'■ sort, is yet quite 
!S is upon him for 
monkey the same 
set-off" against a 
t is nowhere ap- 
is due merely to 
'G no interest in 
ey propose to eat 
SB to the level of 

■ous propensities 
that there is a 
future develop- 
that while this 
the other is, by 

nimals in their 
lankind, I shall 
ne detail. The 
3h are also the 
», as Professor 
ill affectionate. 



They seem to be only slightly iu advance of the prosinn-an.^ 
Bate, says (Natnrahsf ,,, j, „,,,,_ j, ^^^ ^,^^^ ^^^^^^ ^^ 

i^o m httle companies of only three or four, but " they are 
often seen „, a tan,e state in the bouses of the inhabitants of 
Para, an.l when treated kind! as they generally are, they 
become^ very iannliar. running about the house after the 
negro cnildren. The expression of countenance is intelligent 
and pleasmg." Of the twenty species of marmosets that a,e 
known, nearly all provide the people of Soutii America with 
domesuc pets, their social qualities making them easy to tame 
and mterestnigly responsive when kept as cc^npanions. One 
specimen (MiJa, uoninm) which Bates observed was verv 
f riendly with visitors, but showed a peculiar affection for its 
master, cbmbing a dozen times an hour upon his shoulder 

The next family, the Cehidm or American monkeys 
exhibit an advance. Of the ten genera, all are social, and 
n.ost species rove in large companies. According to Vo^^t 
heir disposition is "peaceable, patient, confiding". Amon- 
!.o Lilians of South America, he says, "many species ai^ 
kept as domestic animals, and that all the more readily as 
bey become really affectionate in their m ays, and the tendency 
o destroy is not very conspicuous in them ". In their free 
life, as Professor Duncan says, " they are social and kind to 
each other . The genus Alucdes is kncwn by reason of the 
extraordinary concerts with which a band will amuse them- 
selves lor hours together under the leadership of a re<mlar 
conducto. Of the genus Lagotkriv Vogt tells us that when 
an individual is wounded, it "will call its comrades to its aid 
by a peculiar shrill cry," while if the case is hopeless it will 
utter nhe more subdued cry of death, ,id urge them to 
flight . Bates informs us that these monkeys are grave 
mild, and confiding, and that they are much esteemed by the 
natives^ as pets. Brehm gives a long and pretty account of 
one which he himself knew, and grew to like as one of the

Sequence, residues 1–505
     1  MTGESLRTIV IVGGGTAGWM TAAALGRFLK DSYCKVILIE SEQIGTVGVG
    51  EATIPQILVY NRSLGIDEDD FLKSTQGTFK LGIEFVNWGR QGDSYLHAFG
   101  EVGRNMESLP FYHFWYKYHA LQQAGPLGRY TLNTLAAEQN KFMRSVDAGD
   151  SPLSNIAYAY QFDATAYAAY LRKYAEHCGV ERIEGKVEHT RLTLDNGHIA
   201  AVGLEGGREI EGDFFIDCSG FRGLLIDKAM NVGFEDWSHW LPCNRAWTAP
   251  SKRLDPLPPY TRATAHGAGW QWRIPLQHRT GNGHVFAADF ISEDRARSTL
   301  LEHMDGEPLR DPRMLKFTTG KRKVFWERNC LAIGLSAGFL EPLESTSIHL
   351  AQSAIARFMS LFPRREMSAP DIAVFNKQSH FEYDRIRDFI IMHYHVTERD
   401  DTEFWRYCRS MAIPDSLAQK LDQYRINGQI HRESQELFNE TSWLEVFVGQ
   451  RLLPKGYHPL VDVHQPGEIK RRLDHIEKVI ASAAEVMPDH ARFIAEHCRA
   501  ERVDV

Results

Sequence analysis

most lovable of creatures. (Sanc/ctierc, i., 224.) 

The next genus of the same, family, Ateks, the spider- 
monkeys, is described by Vogt as consisting of L'entle and 

they are particularly social, and Brehn 


VOL. I. 


1 gives much space 




to a description of their friendly ways ; his account of a 
female named Sally is lon^r and circinnstantial. Bates met 
with an amusing specimen: "It was an old female which 
accompanied its owner, a trader on the river Amazon, on all 
•'s voyages. By ^'ay of giving nie a specimen of its intelli- 
gence and feeling, he set to and rated it soundly, calling it 
scamp, thief, heathen, and so forth. The poor monkey, (juietly 
seated on the ground, seemed to be in sore trouble. It began 
by looking earnestly at him ; then it whined, and lastly rocked 
its body to and fro with emotion, crying piteously, and passino- 
its long gaunt arms continually over its forehead. At length 
its master altered his tone: 'It's all a lie, my old woman, 
you're an p,ngel, a flower, a good affectionate creature '. Im- 
mediately the monkey ceased its wailing, and soon after came 
over to where the man sat." {Nat. on Avuizvns, p. 129.) In an- 
other place Bates describes how extremely mild are all species 
of this genus ; the Indians are especially fond of it as a pet, the 
women often suckling the little ones at their own breasts. 

Of the next genus, the Sakis (Pithecia). Vogt says (p. 09) 
that they always live in companies hidden in leafy recesses, 
but that, when caught, they become very tame and greatly 
attached to their owners. Bates (p. 332) declares that he who 
succeeds in keeping it alive over the first critical month of 
captivity gains thereby a most attectionate pet. He says lie 
saw no monkey in South America that showed so strong a 
personal attachment as did this timid, silent little creature.